Another crucial component of a successful theater group, of any age, is a good stage crew. Stage hands with the right person in charge can make or break a show. This crew should consist of just enough people to get the job done efficiently, and no more. We have had shows where
there were too many people backstage, many with no idea what to do. More is not better when it comes to effective theater productions. We live and we learn and each show is a stepping stone to improved methodology.
Having a solid team behind us, my stage manager and I proceed with the task of creating an innovative show each year. Our theater season begins in January when we call our four co-directors in to closed-door brainstorming sessions. Interestingly enough, the age range of my creative team is between 65 and 85 years old. I have found that working with people of varying ages leads to many perspectives and ideas which I would not normally consider. Life experiences offer paradigms of which I was unaware. The blend of these ideas and perspectives is what gives us a captivating and entertaining product.
And so it begins. Our first task is to choose a theme. While this sounds easy, it is a painstaking process. We perform one show per year and we try hard to make it the best possible. As writer/director, I have final say on decisions regarding subject matter but I take each and every suggestion under advisement. I believe what makes our crew so successful is the great respect we have for each other. I am not their dictator, but rather their leader.
Once we have a theme, we discuss what kinds of acts we would like to include. We normally have between fifteen and twenty acts in a typical show. These acts are strung together by what I refer to as “threads” that serve to give flow to our show. My team and I meet regularly during this time period, usually twice a month at first, and of course, we keep email conversations going at all times to keep the flow of ideas fresh. For me, this time of creativity is most rewarding. Together, we build a show that we think will be a hit. I refer to this group of co-directors as my think tank. Aptly named.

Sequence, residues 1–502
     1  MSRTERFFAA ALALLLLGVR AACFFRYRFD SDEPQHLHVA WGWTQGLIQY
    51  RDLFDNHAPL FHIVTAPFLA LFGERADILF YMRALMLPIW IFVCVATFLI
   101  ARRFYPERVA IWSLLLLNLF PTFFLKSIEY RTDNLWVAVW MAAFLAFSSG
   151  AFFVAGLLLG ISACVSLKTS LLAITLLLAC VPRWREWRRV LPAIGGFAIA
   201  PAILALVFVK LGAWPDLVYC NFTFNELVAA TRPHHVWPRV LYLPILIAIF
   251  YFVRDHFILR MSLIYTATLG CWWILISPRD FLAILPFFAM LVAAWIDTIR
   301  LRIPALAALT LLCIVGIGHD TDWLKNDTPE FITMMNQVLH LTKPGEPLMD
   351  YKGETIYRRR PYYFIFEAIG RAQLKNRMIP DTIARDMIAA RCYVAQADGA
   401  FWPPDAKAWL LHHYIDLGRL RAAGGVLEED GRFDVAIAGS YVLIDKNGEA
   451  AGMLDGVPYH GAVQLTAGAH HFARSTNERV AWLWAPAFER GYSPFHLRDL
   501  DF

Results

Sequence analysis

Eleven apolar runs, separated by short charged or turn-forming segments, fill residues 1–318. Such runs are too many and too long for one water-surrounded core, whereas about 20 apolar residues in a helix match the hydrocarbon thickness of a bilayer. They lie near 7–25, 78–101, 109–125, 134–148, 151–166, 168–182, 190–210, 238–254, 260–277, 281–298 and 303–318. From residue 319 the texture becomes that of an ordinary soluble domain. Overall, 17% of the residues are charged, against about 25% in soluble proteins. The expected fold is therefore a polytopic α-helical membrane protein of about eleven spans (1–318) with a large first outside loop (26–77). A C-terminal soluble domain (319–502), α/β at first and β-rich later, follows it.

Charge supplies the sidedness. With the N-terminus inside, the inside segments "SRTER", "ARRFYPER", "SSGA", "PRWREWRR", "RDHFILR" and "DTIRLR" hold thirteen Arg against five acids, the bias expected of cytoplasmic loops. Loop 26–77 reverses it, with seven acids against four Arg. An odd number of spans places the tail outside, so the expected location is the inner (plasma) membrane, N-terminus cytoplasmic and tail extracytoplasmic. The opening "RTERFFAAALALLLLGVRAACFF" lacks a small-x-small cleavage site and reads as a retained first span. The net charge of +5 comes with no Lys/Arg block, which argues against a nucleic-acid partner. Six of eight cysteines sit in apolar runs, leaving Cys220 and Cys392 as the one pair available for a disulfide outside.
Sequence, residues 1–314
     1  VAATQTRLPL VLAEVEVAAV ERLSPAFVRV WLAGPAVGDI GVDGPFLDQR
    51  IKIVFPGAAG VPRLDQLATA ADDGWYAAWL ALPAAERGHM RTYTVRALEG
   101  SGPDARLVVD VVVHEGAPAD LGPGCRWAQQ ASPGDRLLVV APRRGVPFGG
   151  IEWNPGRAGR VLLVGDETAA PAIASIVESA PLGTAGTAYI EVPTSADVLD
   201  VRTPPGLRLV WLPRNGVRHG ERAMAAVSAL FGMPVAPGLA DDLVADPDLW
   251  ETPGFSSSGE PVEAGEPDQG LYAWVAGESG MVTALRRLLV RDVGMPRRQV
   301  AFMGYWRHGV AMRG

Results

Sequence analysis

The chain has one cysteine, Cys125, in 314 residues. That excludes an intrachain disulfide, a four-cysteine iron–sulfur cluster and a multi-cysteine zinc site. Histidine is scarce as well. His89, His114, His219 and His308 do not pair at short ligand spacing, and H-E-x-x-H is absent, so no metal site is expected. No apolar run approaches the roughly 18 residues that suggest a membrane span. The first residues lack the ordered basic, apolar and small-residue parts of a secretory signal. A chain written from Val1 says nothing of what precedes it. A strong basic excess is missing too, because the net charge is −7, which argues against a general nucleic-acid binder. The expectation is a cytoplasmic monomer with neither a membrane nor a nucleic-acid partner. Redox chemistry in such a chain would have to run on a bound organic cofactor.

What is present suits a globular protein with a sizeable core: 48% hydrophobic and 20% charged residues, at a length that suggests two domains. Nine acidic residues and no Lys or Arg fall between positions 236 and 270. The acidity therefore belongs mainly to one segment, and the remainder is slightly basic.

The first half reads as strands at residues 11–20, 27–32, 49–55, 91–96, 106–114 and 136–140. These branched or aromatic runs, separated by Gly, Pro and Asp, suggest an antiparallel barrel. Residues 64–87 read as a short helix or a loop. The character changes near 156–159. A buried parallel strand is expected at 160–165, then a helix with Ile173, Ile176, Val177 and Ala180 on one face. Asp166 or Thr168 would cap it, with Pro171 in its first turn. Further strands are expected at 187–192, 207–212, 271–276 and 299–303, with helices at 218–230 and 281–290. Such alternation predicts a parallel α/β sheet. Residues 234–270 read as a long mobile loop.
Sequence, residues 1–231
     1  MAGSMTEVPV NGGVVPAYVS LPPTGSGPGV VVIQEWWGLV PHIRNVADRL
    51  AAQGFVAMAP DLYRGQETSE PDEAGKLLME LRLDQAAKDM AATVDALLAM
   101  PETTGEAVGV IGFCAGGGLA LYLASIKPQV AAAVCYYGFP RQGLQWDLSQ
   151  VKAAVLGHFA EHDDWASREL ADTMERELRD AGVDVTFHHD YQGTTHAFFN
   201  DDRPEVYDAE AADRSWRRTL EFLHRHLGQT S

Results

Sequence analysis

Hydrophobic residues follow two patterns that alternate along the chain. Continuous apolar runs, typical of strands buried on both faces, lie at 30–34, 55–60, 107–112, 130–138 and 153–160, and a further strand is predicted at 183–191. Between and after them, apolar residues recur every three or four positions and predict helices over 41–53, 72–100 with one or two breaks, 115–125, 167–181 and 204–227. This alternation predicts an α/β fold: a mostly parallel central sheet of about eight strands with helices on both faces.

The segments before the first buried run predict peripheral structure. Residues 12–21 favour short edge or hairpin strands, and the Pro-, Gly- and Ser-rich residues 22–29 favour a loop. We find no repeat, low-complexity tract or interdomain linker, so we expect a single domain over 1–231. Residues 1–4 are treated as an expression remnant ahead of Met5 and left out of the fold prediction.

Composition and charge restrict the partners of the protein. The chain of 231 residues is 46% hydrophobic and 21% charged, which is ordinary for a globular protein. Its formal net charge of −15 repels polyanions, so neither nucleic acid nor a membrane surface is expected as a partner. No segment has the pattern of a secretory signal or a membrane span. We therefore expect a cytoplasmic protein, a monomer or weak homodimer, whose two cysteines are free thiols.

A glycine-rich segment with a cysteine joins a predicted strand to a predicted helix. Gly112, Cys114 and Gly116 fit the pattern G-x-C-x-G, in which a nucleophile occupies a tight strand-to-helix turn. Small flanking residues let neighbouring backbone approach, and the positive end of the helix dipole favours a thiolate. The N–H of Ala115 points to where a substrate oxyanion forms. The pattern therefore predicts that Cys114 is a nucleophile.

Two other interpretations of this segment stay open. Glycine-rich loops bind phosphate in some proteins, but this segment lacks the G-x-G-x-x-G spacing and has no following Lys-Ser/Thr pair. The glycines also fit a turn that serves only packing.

From the minds of seniors come some amazing ideas. They epitomize creativity. Creativity can be defined as the ability to think outside of the box. This is perhaps what I love the most in working with this age group. They are not afraid to try new things, to stretch the limits of their comfort zones and to throw themselves wholeheartedly into the show with a level of dedication that is unprecedented.
As the creation of a script takes place, we determine what props we will need for the show. We have a team of prop builders that is second to none. They are led by a resident artist who creates whatever we ask of him, no matter how far-fetched. To his credit to date: A six-foot tall cylindrical time machine named STEVE (Supra-temporal vehicle), a seventeen-foot-long bus, a nineteen-foot-long airplane, the Fountain of Youth and the stone archway entering the Fountain of Youth park, a train large enough for four rows of seats, the list goes on and on. He also paints nine foot by five foot scenery panels we request. We even asked for a scene of Las Vegas casinos at night, done in neon paint that would glow in black light. His scenery is so impressive that I kept one nine by five foot panel of a desert at dusk and hung it on my living room wall.
So you see, having the right people on board makes all the difference. Delegation based on the areas of expertise – this is something I have learned as a director. Find talent, encourage it and embrace it. We all have our strengths – discovering who possesses which talent is the key.
After approximately three months of writing and brainstorming, we hold our open casting call for the residents of our community. I say “open” because that is our all-inclusive policy. I believe that anyone who wants to participate in a show should have that opportunity. I encourage residents to come to me with ideas for acts. If, for whatever reason, we cannot use their idea, they still have the option to be part of our chorus, which I build into each show. The chorus usually has four or five songs in each show, including the finale. No one is turned away and everyone feels a part of the theater family.